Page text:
Pursuant to Section 766.24 of the Export Administration Regulations (“EAR”), I hereby grant the Bureau of Industry and Security's request for an Order Temporarily Denying the Export Privileges of Respondent, Bill Chen aka Yueqiang Chen, for 180 days as I find that the TDO is necessary in the public interest to prevent an imminent violation of the EAR.
I. Legal Standard
Pursuant to § 766.24(b) of the EAR, the Assistant Secretary may issue a TDO “upon a showing by BIS that the order is necessary in the public interest to prevent an imminent violation of the * * * EAR.” “A violation may be ‘imminent’ either in time or in degree of likelihood.” 15 CFR 766.24(b)(3). This includes a violation that “is about to occur, or that the general circumstances of the matter under investigation or case under criminal or administrative charges demonstrate a likelihood of future violations.” Id. Significant, deliberate, and covert violations are more probative of imminence and the likelihood of future violations than lesser technical ones. Id. A “lack of information establishing the precise time a violation may occur does not preclude a finding that a violation is imminent, so long as there is sufficient reason to believe the likelihood of a violation.” Id.
Respondent has been under a temporary denial order since May 12, 2006 for his role in selling and shipping items subject to the EAR to end-users in China who are engaged in the design, development, production and use of cruise missile systems without the required export licenses. On May 24, 2006, the Respondent was indicated by a federal grand in the Northern District of California for violating the EAR in connection with five unlicensed exports, occurring as early as January 22, 2003 and as recently as July 3, 2005, to end-users in China knowing that such items would be used in the design, development, production, and use of missiles. On April 6, 2007, Mr. Chen submitted a declaration that he would assert his Fifth Amendment privilege against self incrimination in connection with any questions that would be raised during his deposition in a related administrative proceeding. Then, on April 30, 2007, a U.S. Magistrate Judge granted Respondent's request to travel to China to visit ailing family members while the indictment is pending against him. Based upon this authorization, Mr. Chen has departed for China and is scheduled return in late May 2007. While Mr. Chen has been placed on administrative leave, he remains an employee of Data Physics. Additionally, BIS has submitted evidence to me that shows that Respondent has played a role in selling items subject to the EAR Start Printed Page 28675to entities in China on BIS's Entity List without the required export licenses.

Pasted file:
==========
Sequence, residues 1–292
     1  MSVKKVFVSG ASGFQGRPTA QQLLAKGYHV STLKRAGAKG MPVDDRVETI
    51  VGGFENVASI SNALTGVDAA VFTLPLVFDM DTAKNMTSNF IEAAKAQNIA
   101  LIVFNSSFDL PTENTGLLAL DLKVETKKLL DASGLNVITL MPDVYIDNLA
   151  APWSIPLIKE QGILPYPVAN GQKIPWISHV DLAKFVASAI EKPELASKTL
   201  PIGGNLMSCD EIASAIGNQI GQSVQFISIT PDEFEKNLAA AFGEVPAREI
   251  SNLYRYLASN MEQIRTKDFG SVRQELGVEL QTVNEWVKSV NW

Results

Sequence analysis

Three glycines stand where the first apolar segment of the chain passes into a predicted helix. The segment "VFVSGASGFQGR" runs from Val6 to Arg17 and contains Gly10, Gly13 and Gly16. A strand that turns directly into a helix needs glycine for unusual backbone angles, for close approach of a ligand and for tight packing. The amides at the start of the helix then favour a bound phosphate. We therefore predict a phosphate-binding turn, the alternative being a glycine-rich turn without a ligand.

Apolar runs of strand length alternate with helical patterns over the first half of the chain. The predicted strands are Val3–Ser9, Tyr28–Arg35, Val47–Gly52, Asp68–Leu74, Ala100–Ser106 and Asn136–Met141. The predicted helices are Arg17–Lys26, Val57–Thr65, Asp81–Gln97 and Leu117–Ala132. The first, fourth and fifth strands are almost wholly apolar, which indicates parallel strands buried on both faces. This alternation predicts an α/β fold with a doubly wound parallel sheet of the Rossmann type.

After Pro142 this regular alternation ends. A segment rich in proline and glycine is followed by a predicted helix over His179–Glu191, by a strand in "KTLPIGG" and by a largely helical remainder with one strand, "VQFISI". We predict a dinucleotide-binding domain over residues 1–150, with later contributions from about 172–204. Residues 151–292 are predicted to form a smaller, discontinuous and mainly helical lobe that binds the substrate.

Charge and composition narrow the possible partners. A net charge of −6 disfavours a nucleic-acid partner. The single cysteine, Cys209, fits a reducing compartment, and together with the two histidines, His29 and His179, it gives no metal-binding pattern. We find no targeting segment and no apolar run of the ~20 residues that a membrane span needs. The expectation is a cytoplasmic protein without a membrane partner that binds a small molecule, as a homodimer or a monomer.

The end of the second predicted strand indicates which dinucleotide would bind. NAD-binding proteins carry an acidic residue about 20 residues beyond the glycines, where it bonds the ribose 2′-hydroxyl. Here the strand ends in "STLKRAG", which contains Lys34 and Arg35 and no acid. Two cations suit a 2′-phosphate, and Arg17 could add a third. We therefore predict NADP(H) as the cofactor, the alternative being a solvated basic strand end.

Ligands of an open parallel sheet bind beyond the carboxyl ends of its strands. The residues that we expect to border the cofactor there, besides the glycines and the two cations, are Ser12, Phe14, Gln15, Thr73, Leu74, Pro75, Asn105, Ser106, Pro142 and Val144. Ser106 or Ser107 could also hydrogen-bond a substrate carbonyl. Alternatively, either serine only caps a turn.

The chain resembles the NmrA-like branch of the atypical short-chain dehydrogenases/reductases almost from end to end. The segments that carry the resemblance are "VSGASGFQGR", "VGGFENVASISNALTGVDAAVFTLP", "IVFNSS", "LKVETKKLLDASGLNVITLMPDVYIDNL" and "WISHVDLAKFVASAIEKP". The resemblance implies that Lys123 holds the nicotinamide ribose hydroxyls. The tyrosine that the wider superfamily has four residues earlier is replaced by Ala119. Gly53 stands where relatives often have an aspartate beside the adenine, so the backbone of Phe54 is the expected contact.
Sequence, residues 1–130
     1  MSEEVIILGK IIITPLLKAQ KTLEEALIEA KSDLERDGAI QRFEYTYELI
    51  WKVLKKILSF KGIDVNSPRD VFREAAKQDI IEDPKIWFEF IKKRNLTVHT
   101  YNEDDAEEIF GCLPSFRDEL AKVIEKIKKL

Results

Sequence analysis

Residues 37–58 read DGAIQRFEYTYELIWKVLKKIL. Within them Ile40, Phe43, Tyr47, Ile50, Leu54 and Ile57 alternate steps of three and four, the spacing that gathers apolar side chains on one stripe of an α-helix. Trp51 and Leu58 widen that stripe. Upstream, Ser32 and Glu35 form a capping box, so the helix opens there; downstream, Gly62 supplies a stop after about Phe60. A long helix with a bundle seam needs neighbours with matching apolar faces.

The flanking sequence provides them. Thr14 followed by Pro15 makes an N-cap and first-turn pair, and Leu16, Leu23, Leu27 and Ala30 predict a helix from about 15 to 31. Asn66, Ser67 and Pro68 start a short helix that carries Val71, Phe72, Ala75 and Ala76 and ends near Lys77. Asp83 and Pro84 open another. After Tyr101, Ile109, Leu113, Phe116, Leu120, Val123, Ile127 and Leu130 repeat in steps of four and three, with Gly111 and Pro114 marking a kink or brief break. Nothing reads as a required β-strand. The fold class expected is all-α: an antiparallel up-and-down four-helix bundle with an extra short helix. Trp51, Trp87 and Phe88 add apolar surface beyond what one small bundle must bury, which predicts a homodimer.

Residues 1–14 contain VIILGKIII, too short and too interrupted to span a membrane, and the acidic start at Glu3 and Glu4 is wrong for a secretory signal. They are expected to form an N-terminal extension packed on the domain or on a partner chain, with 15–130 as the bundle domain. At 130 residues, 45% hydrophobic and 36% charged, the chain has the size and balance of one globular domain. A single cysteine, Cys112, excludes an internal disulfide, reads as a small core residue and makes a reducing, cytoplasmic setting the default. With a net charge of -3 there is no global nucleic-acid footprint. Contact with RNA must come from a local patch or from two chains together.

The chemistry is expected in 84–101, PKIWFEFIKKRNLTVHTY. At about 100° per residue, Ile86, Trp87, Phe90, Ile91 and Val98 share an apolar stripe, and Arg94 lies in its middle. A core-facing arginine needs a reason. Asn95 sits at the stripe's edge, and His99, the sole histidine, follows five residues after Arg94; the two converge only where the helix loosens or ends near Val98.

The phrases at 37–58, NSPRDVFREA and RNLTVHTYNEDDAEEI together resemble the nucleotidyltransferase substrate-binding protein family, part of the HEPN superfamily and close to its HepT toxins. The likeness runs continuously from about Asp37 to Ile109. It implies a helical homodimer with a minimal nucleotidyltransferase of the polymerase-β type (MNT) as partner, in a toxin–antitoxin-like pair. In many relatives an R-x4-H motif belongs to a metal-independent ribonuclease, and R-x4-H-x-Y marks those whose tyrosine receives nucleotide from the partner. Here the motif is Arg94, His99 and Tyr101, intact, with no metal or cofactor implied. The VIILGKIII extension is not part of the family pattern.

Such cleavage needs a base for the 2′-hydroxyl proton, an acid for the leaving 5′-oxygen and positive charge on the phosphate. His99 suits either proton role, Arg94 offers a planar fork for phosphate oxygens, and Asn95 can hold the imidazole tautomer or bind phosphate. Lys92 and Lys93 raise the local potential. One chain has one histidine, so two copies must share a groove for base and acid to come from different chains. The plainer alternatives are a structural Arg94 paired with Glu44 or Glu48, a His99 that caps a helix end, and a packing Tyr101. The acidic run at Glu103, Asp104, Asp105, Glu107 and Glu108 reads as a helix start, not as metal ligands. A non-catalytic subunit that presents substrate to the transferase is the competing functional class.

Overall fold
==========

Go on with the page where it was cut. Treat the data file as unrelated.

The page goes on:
I find that the evidence presented by BIS demonstrates that the Respondent has violated the EAR, that such violations have been significant, deliberate and covert, and that there is a likelihood of future violations. Accordingly, I find that issuing a TDO against Bill Chen for 180 days is necessary in the public interest to prevent an imminent violation of the EAR.
It is Therefore Ordered:
First, that the Respondent, BILL CHEN, AKA Yueqiang Chen, of Data Physics China, RM. 1509, Building 2, Xinquduan Jiayan, No. 5 Changchunquia Road, Haidian District, Beijing, P.R. China, 100089 and of 615 Blossom Hill Road, #17, Los Gatos, California 95032 (the “Denied Person”), may not, directly or indirectly, participate in any way in any transaction involving any commodity, software or technology (hereinafter collectively referred to as “item”) exported or to be exported from the United States that is subject to the Export Administration Regulations (“EAR”), or in any other activity subject to the EAR, including, but not limited to:
A. Applying for, obtaining, or using any license, License Exception, or export control document;